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Chapter 4


As _Zadig_ had met with such a Series of Misfortunes, he was
determin'd to ease the Weight of them by the Study of Philosophy,
and the Conversation of select Friends. He was still possess'd of a
little pretty Box in the Out-parts of _Babylon_, which was furnish'd
in a good Taste; where every Artist was welcome, and wherein he
enjoy'd all the rational Pleasures that a virtuous Man could well
wish for. In the Morning, his Library was always open for the Use of
the Learned; at Night his Table was fill'd with the most agreeable
Companions; but he was soon sensible, by Experience, how dangerous
it was to keep learned Men Company. A warm Dispute arose about a
certain Law of _Zoroaster_; which prohibited the Eating of Griffins:
But to what Purpose said some of the Company, was that Prohibition,
since there is no such Animal in Nature? Some again insisted that
there must; for otherwise _Zoroaster_ could never have been so weak
as to give his Pupils such a Caution. _Zadig_, in order to
compromize the Matter, said; Gentlemen, If there are such Creatures
in Being, let us never touch them; and if there are not, we are well
assur'd we can't touch them; so in either Case we shall comply with
the Commandment.

A learned Man at the upper End of the Table, who had compos'd
thirteen Volumes, expatiating on every Property of the Griffin, took
this Affair in a very serious Light, which would greatly have
embarrass'd _Zadig_, but for the Credit of a Magus, who was Brother
to his Friend _Cador_. From that Day forward, _Zadig_ ever
distinguish'd and preferr'd good, before learned Company: He
associated with the most conversible Men, and the most amiable
Ladies in all _Babylon_; he made elegant Entertainments, which were
frequently preceded by a Concert of Musick, and enliven'd by the
most facetious Conversation, in which, as he had felt the Smart of
it, he had laid aside all Thoughts of shewing his Wit, which is not
only the surest Proof that a Man has none, but the most infallible
Means to spoil all good Company.

Neither the Choice of his Friends, nor that of his Dishes, was the
Result of Pride or Ostentation. He took Delight in appearing to be,
what he actually was, and not in seeming to be what he was not; and
by that Means, got a greater real Character than he actually aim'd

Directly opposite to his House liv'd _Arimazes_, one puff'd up with
Pride, who not meeting with Success in the World, sought his Revenge
in railing against all Mankind. Rich as he was, it was almost more
than he could accomplish, to procure ev'n any Parasites about him.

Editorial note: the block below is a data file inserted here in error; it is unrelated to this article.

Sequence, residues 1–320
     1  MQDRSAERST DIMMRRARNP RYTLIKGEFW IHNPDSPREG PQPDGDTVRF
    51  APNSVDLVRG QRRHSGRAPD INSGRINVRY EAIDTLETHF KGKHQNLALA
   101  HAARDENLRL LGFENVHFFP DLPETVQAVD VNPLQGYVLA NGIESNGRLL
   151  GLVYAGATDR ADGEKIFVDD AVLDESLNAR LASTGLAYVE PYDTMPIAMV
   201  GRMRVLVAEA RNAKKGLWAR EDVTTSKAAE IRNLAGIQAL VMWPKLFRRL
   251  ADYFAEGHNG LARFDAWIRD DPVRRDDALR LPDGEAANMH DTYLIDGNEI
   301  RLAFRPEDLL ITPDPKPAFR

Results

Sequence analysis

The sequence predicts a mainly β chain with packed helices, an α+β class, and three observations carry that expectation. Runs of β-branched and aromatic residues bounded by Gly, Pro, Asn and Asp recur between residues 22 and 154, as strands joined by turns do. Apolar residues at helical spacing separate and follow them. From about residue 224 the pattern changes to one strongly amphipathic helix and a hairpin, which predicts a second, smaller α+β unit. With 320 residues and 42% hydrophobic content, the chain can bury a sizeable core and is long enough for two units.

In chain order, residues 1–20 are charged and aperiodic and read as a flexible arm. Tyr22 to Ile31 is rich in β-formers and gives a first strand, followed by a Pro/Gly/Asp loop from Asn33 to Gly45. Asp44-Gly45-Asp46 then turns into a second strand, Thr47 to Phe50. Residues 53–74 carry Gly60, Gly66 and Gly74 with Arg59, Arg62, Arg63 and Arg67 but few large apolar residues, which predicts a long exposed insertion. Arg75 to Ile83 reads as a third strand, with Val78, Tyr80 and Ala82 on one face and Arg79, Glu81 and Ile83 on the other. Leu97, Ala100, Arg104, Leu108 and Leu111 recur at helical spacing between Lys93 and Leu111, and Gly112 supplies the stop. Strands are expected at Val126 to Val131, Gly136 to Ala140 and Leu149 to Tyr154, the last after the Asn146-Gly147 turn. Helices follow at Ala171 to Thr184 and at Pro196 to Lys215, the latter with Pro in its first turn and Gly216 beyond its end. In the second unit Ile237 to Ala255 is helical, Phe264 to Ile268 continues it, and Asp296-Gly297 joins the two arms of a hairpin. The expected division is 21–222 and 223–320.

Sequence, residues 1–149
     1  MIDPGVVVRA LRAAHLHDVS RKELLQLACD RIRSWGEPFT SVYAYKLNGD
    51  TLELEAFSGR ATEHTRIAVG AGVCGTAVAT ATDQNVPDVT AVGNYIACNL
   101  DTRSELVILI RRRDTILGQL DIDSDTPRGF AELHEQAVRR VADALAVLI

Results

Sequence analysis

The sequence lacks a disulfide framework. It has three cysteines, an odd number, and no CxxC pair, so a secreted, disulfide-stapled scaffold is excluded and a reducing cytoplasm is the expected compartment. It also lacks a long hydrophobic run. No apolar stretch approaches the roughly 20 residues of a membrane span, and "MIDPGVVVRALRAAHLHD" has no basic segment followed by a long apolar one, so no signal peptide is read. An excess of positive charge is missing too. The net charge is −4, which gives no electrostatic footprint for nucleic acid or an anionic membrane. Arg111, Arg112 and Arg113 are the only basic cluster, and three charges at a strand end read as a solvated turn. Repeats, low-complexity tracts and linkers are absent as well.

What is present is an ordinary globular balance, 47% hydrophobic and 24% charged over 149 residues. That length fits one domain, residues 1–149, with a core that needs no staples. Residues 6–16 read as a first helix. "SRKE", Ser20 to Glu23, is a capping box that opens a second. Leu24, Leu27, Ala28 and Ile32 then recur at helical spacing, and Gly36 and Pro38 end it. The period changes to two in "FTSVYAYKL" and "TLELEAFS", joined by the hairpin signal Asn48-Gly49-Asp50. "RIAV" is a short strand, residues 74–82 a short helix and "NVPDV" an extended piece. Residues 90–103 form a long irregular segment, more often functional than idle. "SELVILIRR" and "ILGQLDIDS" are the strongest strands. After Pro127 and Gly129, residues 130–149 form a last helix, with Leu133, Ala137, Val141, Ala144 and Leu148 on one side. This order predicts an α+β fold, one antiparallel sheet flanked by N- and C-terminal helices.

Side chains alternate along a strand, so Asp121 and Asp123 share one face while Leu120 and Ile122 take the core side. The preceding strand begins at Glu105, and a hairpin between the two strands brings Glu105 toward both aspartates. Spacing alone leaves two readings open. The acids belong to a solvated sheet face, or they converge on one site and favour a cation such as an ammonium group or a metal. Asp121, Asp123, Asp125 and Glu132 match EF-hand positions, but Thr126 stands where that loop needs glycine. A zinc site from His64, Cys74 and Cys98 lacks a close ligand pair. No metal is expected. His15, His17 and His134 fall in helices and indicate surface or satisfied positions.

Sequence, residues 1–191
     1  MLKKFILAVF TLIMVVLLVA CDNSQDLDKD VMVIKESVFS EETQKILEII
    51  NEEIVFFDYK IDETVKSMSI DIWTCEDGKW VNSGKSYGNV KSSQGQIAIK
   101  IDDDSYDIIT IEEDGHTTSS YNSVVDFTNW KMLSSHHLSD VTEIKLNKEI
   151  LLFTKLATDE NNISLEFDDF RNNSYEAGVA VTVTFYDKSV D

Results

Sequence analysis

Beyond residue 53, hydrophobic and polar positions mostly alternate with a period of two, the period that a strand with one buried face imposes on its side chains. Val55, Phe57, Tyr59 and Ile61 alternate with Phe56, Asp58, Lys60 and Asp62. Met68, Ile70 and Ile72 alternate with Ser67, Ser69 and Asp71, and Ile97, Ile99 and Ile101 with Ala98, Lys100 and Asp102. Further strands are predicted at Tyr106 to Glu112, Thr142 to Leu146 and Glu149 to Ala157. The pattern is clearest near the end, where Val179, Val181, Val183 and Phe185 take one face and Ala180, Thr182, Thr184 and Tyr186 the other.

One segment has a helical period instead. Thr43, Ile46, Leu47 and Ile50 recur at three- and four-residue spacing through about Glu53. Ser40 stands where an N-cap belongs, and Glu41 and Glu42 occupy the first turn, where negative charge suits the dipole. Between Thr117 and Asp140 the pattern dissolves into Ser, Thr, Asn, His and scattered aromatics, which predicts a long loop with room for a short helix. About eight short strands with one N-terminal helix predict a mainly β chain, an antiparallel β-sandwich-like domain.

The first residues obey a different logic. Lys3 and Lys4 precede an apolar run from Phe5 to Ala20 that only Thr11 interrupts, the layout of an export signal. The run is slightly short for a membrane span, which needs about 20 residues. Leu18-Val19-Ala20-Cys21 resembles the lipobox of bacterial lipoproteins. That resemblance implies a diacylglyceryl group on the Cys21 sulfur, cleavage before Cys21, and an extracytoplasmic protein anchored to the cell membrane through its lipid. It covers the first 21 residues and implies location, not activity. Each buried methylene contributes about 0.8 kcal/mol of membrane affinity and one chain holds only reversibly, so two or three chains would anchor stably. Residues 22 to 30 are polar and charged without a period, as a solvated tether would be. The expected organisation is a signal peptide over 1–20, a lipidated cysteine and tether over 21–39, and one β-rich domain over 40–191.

Tho' the rattling of the Chariots which stopp'd at _Zadig's_ Door
was a perfect Nuisance to him; yet the good Character which every
Body gave him was still a higher Provocation. He would sometimes
intrude himself upon _Zadig_, and set down at his Table without any
Invitation; when there, he would most certainly interrupt the Mirth
of the Company, as Harpies, they say, infect the very Carrion that
they eat.

_Arimazes_ took it in his Head one Day to invite a young Lady to an
Entertainment; but she, instead of accepting of his Offer, spent the
Evening at _Zadig's_. Another Time, as _Zadig_ and he were chatting
together at Court, a Minister of State came up to them, and invited
_Zadig_ to Supper, but took no Notice of _Arimazes_. The most
implacable Aversions have frequently no better Foundations. This
Gentleman, who was call'd the _envious Man_, would have taken away
the Life of _Zadig_ if he could because most People distinguish'd
him by the Title of the _Happy Man_. "An Opportunity of doing
Mischief, says _Zoroaster_, offers itself a hundred Times a Day; but
that of doing a Friend a good Office but once a Year."

_Arimazes_ went one Day to _Zadig's_ House, when he was walking in
his Garden with two Friends, and a young Lady, to whom he said
Abundance of fine Things, with no other Design but the innocent
Pleasure of saying them. Their Conversation turn'd on a War that the
King had happily put an End to, between him and his Vassal, the
Prince of _Hyrcania_. _Zadig_ having signaliz'd himself in that
short War, commended his Majesty very highly, but was more lavish of
his Compliments on the Lady. He took out his Pocket Book, and wrote
four extempore Verses on that Occasion, and gave them the Lady to
read. The Gentlemen then present begg'd to be oblig'd with a Sight
of them, as well as the Lady, But either thro' Modesty, or rather a
self-Consciousness that he hadn't happily succeeded, he gave them a
flat Denial. He was sensible, that a sudden poetic Flight must prove